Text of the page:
Migrants staying in taxpayer-funded hotels are usually only in Tucson for a day or two before moving on elsewhere in the country.

The hotels are paid for with federal tax dollars, not local or state money.

Their journey continues at a local bus stop outside of one of the citys migrant hotels.

Migrants gather with their travel documents in hand, and flight itineraries mapped out for them on papers provided by Casa Alitas.

Even as the come from all over the world, they all have similar stories about the issues in their countries.

Right now in Guatemala, it is very difficult,” one migrant said. “There was a lot of corruption. A lot of corruption in the government.

Some migrants get tired of waiting for the public buses that come about once every twenty minutes.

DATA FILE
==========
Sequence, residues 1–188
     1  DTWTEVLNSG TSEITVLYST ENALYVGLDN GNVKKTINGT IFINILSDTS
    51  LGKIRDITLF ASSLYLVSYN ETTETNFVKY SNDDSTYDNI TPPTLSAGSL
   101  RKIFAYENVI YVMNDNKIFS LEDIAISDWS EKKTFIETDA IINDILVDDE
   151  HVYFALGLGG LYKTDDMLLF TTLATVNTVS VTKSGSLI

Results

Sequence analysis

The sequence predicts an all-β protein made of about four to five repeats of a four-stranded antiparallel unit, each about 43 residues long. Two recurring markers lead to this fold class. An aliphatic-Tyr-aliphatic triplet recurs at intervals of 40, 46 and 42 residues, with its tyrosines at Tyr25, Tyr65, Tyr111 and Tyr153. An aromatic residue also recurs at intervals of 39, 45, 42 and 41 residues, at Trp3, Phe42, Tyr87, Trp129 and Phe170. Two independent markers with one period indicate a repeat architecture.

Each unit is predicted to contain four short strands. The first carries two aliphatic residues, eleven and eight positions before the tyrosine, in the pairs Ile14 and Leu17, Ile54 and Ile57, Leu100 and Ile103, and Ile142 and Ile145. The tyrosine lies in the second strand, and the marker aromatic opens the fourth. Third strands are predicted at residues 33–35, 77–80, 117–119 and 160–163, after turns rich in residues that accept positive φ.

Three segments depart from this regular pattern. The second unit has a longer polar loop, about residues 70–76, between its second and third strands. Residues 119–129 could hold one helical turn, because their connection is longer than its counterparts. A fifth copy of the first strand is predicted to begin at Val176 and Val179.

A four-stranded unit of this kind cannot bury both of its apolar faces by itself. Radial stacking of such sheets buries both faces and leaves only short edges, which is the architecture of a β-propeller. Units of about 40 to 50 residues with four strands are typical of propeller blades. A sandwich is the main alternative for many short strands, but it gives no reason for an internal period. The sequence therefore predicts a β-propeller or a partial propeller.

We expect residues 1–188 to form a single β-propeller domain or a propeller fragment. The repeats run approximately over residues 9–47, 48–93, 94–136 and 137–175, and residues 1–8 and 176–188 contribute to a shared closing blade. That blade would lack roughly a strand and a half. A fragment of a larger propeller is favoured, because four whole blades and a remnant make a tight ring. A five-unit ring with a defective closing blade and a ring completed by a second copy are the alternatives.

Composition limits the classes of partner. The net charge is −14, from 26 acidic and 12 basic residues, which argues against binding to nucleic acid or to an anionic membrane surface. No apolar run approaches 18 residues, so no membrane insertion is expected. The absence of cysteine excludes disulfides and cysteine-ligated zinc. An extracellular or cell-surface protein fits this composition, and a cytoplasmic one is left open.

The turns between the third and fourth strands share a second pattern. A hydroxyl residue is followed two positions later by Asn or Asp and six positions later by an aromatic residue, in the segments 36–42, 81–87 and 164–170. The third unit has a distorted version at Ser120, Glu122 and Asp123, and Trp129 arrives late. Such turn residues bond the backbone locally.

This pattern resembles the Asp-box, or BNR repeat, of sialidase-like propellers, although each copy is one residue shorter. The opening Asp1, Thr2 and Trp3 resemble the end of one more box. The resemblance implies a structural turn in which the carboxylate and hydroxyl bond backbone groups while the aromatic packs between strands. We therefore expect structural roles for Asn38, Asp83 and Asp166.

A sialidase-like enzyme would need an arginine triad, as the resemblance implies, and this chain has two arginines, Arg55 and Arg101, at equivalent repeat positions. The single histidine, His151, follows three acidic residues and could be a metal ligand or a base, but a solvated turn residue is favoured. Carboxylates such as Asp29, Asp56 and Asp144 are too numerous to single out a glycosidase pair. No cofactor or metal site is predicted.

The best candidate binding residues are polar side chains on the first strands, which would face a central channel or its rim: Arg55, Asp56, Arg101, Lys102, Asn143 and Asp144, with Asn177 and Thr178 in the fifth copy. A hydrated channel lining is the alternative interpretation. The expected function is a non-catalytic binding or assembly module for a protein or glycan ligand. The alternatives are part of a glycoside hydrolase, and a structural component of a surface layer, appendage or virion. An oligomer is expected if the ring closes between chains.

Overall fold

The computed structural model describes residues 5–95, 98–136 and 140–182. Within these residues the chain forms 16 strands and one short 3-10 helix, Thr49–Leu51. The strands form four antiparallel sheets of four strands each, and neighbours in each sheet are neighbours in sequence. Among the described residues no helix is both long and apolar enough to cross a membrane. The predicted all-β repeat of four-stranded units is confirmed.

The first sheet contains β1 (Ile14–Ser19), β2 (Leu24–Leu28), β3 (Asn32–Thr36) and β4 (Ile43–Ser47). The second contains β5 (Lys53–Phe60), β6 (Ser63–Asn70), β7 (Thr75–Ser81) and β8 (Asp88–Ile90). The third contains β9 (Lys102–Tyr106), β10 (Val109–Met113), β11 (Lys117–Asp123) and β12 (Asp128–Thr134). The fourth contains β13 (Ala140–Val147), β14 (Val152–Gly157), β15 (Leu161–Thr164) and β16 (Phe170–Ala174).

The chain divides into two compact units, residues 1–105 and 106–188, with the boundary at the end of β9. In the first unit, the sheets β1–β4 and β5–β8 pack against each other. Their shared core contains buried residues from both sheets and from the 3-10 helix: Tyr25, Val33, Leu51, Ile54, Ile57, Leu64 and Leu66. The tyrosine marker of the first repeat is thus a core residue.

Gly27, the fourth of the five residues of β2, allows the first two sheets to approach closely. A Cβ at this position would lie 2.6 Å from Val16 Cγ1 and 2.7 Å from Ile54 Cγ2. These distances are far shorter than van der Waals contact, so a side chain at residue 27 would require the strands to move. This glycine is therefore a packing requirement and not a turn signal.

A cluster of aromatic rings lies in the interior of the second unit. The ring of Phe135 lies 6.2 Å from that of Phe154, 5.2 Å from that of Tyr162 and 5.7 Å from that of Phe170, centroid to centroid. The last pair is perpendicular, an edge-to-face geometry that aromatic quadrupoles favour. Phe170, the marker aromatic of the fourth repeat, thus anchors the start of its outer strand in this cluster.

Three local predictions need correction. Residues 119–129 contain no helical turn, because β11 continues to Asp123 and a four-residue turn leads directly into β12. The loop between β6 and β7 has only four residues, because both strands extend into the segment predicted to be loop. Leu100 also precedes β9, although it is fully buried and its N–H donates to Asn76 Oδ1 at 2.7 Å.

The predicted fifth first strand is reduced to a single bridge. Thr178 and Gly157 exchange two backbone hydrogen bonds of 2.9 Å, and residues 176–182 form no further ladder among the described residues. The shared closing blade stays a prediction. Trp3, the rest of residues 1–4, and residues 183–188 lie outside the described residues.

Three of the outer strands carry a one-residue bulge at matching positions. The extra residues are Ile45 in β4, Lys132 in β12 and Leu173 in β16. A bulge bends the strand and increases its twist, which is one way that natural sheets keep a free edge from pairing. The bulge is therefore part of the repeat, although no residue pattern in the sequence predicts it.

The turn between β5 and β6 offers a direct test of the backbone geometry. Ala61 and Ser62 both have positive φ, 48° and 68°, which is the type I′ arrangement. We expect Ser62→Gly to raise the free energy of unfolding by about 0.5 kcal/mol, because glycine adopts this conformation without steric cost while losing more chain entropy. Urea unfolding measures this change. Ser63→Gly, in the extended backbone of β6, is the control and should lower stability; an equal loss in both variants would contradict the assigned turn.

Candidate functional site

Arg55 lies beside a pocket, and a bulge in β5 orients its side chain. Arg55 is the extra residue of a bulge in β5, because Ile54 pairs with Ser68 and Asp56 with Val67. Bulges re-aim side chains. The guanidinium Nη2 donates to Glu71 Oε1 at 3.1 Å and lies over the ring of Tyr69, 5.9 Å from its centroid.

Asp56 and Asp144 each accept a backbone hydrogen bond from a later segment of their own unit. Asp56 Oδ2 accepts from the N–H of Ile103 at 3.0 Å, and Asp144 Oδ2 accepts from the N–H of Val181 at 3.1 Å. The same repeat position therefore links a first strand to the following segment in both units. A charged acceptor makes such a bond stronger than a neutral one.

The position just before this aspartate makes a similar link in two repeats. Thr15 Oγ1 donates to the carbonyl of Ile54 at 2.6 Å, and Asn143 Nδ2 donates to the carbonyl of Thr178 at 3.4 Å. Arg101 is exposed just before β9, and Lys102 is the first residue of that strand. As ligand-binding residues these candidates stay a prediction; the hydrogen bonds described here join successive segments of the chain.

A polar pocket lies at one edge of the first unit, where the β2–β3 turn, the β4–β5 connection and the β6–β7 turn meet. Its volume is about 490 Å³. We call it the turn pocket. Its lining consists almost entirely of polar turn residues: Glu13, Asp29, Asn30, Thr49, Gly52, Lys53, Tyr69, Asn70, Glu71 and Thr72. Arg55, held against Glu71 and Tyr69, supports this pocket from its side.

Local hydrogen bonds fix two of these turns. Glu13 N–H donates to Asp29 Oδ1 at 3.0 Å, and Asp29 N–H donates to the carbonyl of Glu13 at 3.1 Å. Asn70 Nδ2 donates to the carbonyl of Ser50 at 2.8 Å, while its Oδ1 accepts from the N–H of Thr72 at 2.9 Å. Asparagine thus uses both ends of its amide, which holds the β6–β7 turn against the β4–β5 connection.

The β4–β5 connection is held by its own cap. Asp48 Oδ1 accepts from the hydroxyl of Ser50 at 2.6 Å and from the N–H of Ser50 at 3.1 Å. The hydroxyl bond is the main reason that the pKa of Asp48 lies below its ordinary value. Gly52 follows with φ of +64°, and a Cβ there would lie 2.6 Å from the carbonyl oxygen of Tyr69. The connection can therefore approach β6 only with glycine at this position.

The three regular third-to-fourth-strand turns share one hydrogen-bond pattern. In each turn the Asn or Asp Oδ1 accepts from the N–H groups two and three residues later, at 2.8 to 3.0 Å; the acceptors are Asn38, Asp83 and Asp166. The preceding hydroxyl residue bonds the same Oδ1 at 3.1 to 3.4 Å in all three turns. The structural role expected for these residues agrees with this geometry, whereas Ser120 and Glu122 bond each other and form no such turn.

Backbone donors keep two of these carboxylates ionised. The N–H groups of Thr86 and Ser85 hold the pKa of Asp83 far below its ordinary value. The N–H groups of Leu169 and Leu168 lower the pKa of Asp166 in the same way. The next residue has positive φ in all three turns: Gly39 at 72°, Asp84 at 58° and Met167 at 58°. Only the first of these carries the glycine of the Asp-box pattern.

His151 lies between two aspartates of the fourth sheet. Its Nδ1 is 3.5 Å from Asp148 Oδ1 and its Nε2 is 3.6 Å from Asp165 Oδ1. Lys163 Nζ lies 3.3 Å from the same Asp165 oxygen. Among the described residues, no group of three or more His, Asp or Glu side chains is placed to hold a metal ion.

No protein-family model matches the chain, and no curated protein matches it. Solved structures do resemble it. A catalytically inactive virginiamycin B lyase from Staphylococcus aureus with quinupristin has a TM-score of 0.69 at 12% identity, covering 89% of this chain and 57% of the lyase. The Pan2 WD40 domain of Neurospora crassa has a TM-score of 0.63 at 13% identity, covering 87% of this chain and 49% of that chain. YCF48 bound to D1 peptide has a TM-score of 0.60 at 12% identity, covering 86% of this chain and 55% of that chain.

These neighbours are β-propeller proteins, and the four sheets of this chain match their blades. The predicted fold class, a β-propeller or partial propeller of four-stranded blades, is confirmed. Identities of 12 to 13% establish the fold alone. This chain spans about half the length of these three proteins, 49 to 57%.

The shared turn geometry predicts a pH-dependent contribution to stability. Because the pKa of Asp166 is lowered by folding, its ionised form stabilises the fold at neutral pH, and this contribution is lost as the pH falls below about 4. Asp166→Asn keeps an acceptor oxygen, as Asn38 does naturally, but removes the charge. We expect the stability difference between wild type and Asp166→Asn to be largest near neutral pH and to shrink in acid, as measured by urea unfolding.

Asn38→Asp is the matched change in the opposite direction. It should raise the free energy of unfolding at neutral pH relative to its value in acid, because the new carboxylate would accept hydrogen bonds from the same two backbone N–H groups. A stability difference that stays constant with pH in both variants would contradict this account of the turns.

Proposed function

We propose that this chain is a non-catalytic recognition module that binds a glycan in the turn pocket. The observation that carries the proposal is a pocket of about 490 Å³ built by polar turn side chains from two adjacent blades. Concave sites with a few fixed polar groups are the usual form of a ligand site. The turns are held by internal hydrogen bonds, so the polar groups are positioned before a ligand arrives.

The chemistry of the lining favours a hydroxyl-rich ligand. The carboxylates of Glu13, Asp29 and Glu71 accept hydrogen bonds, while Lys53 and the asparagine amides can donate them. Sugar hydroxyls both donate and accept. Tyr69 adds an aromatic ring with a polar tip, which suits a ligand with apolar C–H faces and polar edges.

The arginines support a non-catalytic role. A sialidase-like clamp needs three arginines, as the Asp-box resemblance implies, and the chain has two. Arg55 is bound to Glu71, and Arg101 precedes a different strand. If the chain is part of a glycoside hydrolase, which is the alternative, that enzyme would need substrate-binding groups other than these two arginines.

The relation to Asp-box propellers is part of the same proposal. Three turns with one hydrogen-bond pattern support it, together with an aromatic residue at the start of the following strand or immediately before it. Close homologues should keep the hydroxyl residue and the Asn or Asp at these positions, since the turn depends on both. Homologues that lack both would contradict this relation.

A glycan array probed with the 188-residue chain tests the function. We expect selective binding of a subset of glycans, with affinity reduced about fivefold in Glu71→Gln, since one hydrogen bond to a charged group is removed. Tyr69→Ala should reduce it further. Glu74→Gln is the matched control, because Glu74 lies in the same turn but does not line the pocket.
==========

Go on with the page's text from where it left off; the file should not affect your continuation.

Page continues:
They hail local cabs or sometimes even call ride shares.

They all hope where they are going is better than where they left from.

I left Mexico because there was a lot of violence. It was very difficult. And also there was no work,” a Mexican migrant said.

The bus stop will likely stay busy as the Tucson Sector leads all nine border sectors in total apprehensions.